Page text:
On display at the Portland Art Museum until Dec. 29, "Representing: Vernacular Photographs of, by, and for African Americans" brings together studio portraits from an important North Portland family album, alongside vernacular snapshots and Polaroids to demonstrate the rich diversity of African American life and experience from the late 1800s through the 1990s.
The earliest photographs featured in "Representing" -- now part of the Museum’s permanent collection -- come from the North Portland estate of Carl and Judge Mercedes Deiz.
A prominent Oregon couple, Carl (1920 – 2014) was a Tuskegee Airman during World War II, and Mercedes (1917 – 2005) was the first Black woman to be admitted to the Oregon State Bar. Turn-of-the-20th-century studio portraits of successful middle-class African Americans from the Deiz family album serve as counterpoints to concurrent, mass-marketed images of former slaves, minstrels, unskilled workers, and even lynchings.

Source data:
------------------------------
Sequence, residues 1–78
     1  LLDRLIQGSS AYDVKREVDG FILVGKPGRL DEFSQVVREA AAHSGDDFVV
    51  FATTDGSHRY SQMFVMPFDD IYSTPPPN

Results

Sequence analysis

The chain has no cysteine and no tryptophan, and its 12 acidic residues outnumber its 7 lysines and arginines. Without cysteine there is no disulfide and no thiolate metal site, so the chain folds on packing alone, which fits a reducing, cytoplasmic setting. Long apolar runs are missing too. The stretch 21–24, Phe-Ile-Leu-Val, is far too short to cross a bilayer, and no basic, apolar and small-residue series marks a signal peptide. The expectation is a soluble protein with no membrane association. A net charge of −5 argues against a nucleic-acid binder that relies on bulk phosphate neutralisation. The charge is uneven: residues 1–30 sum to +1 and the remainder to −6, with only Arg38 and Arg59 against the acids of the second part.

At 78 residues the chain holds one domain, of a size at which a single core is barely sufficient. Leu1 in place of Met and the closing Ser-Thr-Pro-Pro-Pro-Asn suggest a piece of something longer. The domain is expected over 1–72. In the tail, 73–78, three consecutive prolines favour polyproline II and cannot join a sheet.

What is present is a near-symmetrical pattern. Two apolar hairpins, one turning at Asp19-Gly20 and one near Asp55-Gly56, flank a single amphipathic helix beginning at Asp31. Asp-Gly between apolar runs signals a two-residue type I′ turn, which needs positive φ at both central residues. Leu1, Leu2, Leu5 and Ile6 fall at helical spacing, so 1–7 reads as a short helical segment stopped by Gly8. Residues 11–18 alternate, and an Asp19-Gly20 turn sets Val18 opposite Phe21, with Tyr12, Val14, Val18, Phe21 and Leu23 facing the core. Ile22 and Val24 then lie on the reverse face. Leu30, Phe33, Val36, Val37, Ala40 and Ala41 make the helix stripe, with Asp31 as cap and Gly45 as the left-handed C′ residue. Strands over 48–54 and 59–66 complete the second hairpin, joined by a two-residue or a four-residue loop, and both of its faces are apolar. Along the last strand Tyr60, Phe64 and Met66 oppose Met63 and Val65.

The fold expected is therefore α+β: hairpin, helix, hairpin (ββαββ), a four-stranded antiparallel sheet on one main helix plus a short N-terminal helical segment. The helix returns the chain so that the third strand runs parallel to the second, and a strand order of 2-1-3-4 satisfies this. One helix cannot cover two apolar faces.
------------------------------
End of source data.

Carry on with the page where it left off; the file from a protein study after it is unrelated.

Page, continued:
In addition, snapshots from Peter J. Cohen’s notable vernacular photography collection, produced during the mid-20th century, provide glimpses of daily life and leisure culture in African American communities.
Finally, found Polaroids drawn from artist Zun Lee’s personal collection depict milestones, candid moments, and poignant interactions between family members and friends.
Together, these varied and personal photographs -- produced throughout the United States during significant eras of the country’s history -- challenge racial stereotypes and assumptions, and demonstrate how African Americans chose to portray themselves.
Organized by the Portland Art Museum and curated by Julia Dolan, Ph.D., curator of photography.
For more information, visit the exhibition's webpage.